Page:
With the end of the last Ice Age, which according to most historians happened about 12,000 years ago, a climate similar to the contemporary one was established in the vast expanses of Eurasia. Most of the Middle East was occupied with the dry steppe or desert, and only in the north, in a wide band from the mountains of the Levant and the Taurus Mountains in the west to the east of Zagros, was water more abundant. There, caught on the highest peaks, the clouds poured rain, abundantly irrigating the slopes of the mountains. Mountain streams merged into a large rivers, the greatest of which were the Tigris and Euphrates. In the valleys, the water was more than plentiful enough to support wildlife, and the area between them had become a country of lakes and marshes, abundant with fish and game, but of little use to human life. Hillsides covered with dense forest, with green lawns and meadows, became the most convenient for the human hunters and gatherers of the period. The inhabitants were multiple, including wild goats, sheep, donkeys, and other animal species, many of which remain here up to this day. Among the birds found there were almost all kinds of spices coming here for the winter from Europe, as well as eagles, hawks, and partridges for most of the year.
Rise To Prominence And Accomplishments
Among the grasses and meadows the ancestors of future crops had been growing, including the ancient progenitors of modern barley and wheat. Wild grasses began to attract the attention of the ancient hunters. This is evidenced by the findings of special silicon knives which were used to collect wild plants. The region of the Fertile Crescent had another advantage which performed an important role in the life of our ancestors as well. The mountains were rich in obsidian, a volcanic glass, that was a main material for the manufacture of arrowheads, javelins, and spears, the first weapons of ancient hunters. The obsidian was also used in crafting the blades for the wild grasses collection and processing of hides.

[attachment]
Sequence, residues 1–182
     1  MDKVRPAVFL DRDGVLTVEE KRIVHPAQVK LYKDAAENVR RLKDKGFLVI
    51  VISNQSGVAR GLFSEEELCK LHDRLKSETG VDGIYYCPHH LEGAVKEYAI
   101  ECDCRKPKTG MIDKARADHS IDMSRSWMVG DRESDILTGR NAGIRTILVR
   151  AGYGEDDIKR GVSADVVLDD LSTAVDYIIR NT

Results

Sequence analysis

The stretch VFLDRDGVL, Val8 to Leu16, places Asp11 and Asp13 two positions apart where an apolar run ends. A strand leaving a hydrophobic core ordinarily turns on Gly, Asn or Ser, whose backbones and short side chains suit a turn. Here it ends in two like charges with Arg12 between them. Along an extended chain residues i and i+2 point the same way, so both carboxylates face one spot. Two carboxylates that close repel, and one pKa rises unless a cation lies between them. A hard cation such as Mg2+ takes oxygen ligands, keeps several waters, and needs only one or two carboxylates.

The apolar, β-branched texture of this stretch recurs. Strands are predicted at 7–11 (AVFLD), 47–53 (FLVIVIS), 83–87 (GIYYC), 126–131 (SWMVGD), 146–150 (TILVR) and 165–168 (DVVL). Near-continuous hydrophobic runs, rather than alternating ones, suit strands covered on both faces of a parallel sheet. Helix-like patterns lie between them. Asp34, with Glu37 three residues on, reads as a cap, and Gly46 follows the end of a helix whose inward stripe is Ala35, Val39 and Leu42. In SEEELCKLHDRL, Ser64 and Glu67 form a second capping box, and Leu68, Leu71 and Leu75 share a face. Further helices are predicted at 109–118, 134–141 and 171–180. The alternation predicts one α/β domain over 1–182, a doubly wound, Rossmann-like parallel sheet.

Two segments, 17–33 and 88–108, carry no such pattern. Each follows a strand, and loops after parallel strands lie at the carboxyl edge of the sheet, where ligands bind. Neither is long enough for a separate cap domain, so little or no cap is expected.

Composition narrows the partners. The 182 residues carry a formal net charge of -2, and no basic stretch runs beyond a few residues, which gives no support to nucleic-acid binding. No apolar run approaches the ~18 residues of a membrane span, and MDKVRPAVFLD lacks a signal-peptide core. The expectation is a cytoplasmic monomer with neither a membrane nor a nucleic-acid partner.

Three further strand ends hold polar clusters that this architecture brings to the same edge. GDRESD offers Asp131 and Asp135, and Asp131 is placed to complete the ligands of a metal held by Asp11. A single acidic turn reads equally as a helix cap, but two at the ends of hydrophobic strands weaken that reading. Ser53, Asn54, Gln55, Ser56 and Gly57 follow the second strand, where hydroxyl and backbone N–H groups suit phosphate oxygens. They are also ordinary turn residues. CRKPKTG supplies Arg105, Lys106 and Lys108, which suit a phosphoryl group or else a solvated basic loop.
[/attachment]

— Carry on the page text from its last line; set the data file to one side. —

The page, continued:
Challenges and Controversies
Irrigation facilities of earlier civilizations came into disrepair or had been changed by subsequent generations. This has led to the most important problems of agriculture in the region, namely the increasing problem of soil salinization. The soils with a long history of irrigation have witnessed a steady increase in salt and other mineral concentrations. Another problem of the modern era is that the fresh river waters remain a potential source of conflict in the region. The Jordan River is on the borders of Israel and Jordan, and about a quarter of the Euphrates River and the area located in the lower reaches of Iraq, heavily dependent on agriculture, is controlled by Turkey and Syria.
The Fertile Crescent Today
In the 20th and 21st Centuries, the Fertile Crescent stretched from Mesopotamia and the Levant. In turn, this area was divided into historic Syria and historic Palestine. Today, it occupies the territory of modern Lebanon, Israel, Syria, Iraq, southeast Turkey, and northwestern Jordan. Excavations in the Zagros Mountains of Iran, conducted in 2013 by German anthropologists, have shown that as many as five groups of early Middle Eastern settlers independently discovered the secret of growing crops in the region approximately 9,800 years ago.
Historical Significance and Legacy
Nowadays, the Fertile Crescent is a relatively well-watered land stretching from the coast of the Persian Gulf, upstream of the Tigris and Euphrates to northern Syria, and to south through the Levant to the lower reaches of the Nile. Scientists traditionally considered Fertile Crescent as a "Cradle of Civilization", with the most famous arising in Babylon, Assyria, and Egypt. It was the area of the first monumental buildings, including pyramids and ziggurats, in a land where sophisticated crafts developed in a variety of realms, including pottery and weaving, metallurgy, and writing systems, all of which saw marked improvement. Modern archaeological research and radiocarbon methods confirm the existence of settled agricultural communities as early as the 8th Millennium BC. This region is of particular importance for the modern civilization as a motherland of Judaism, Hellenism, and Christianity. Arab conquest led to the domination of Islam in the territory of Fertile Crescent, and parts of the territory became the object of the Crusades, which ceased in the Middle Ages after being taken over by the Ottoman Empire. Unfortunately, the region has long been an arena for some of the worst bloodshed in the world, which continues into present times.